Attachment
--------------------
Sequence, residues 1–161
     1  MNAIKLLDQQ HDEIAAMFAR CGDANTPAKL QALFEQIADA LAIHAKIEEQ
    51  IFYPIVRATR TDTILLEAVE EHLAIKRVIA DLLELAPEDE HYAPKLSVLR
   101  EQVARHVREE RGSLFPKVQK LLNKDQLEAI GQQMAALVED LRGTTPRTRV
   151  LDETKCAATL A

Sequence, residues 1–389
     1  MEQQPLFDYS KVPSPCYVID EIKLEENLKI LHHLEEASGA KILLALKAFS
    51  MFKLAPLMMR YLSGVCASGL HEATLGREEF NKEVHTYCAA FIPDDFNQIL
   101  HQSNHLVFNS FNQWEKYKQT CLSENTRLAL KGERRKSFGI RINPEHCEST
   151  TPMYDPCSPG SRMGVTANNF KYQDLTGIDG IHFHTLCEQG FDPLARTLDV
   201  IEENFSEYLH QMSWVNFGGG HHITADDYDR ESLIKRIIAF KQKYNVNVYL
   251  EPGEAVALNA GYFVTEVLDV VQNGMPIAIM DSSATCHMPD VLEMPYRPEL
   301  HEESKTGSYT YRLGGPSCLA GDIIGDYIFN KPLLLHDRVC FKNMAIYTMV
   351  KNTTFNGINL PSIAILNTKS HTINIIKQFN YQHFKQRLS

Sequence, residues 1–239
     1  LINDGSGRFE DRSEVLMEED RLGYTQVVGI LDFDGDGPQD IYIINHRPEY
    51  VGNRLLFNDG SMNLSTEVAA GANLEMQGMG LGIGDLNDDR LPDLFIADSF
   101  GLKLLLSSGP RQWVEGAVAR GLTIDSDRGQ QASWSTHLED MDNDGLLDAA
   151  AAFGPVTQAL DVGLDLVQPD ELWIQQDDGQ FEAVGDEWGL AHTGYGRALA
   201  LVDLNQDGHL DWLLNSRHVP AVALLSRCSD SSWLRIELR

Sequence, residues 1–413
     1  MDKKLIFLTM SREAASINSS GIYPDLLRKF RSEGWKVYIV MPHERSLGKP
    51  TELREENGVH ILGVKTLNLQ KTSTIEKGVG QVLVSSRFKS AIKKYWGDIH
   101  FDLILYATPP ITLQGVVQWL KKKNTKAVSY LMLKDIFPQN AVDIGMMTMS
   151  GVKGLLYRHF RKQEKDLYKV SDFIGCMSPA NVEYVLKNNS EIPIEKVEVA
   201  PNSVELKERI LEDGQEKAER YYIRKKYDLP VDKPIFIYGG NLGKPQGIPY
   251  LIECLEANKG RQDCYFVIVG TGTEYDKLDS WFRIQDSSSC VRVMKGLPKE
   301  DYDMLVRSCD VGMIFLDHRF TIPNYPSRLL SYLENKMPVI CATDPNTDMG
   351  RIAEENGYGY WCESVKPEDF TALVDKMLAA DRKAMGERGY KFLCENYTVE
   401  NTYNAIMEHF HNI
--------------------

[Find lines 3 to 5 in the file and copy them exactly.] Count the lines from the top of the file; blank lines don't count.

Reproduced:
    51  IFYPIVRATR TDTILLEAVE EHLAIKRVIA DLLELAPEDE HYAPKLSVLR
   101  EQVARHVREE RGSLFPKVQK LLNKDQLEAI GQQMAALVED LRGTTPRTRV
   151  LDETKCAATL A